Methamphetamine (METH) use is associated with high-risk behavior and serious injury. The aim of this study was to assess the impact of METH use in trauma patients on a Level I trauma center to guide prevention efforts.
A retrospective registry-based review of 4,932 consecutive trauma patients who underwent toxicology screening at our center during a 3-year period (2003-2005). This sample represented 76% of all trauma patients seen during this interval.
From the first half of 2003 to the second half of 2005, overall use of METH increased 70% (p < 0.001), surpassing marijuana as the most common illicit drug used by the trauma population. Other illicit drug use did not significantly change during this interval. METH-positive patients were more likely to have a violent mechanism of injury (47.3% vs. 26.3%, p < 0.001), with 33% more assaults (p < 0.01), 96% more gunshot wounds (p < 0.001), and 158% more stab wounds (p < 0.001). They were more likely to have attempted suicide (4.8% vs. 2.6%, p < 0.01), to have had an altercation with law enforcement (1.8% vs. 0.3%, p < 0.001), or been the victim of domestic violence (4.4% vs. 2.1%, p < 0.001). METH users had a higher mean Injury Severity Score (11.2 vs. 10.0, p < 0.01), were 62% more likely to receive mechanical ventilation (p < 0.001), and 53% more likely to undergo an operation (p < 0.001). They were more prone to leave against medical advice (4.9% vs. 2.1%, p < 0.001) and 113% more likely to die from their injuries (6.4% vs. 3.0%, p < 0.001). The average cost of care per METH user was 9% higher than that for nonusers, and METH users were more likely to be unfunded than nonusers (47.6% vs. 23.1%, p < 0.001). The annual uncompensated cost of care of METH users increased 70% during the study period to $1,477,108 in 2005.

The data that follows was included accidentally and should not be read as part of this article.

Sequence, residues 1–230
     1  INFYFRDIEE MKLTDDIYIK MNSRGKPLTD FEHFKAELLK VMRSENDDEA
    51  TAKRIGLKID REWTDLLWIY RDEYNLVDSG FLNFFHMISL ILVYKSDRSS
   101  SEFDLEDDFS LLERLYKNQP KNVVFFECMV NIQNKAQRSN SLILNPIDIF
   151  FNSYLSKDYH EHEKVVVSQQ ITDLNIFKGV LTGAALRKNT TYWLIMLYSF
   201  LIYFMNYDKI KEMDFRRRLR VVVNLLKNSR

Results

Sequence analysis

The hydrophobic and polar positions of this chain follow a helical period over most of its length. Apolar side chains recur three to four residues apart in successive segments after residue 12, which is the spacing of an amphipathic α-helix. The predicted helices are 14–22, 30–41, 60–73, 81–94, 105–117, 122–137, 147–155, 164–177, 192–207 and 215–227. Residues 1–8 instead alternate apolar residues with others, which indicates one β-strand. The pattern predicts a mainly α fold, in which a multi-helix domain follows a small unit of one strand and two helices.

METH use in trauma patients increased significantly and was associated with adverse outcomes and a significant financial burden on our trauma center. Evidence-based prevention efforts must be a priority for trauma centers to help stop the scourge of METH.
"At a larger societal level, the financial burden of methamphetamine use on communities is significant. In the U.S., the average cost of healthcare per methamphetamine user was 9% higher than that for non-users, and methamphetamine users were less likely to be insured compared with non-users (Swanson et al., 2007). Beyond direct health care costs, resources forgone because of reduced productivity among methamphetamine users may pose a bigger economic burden on a community. "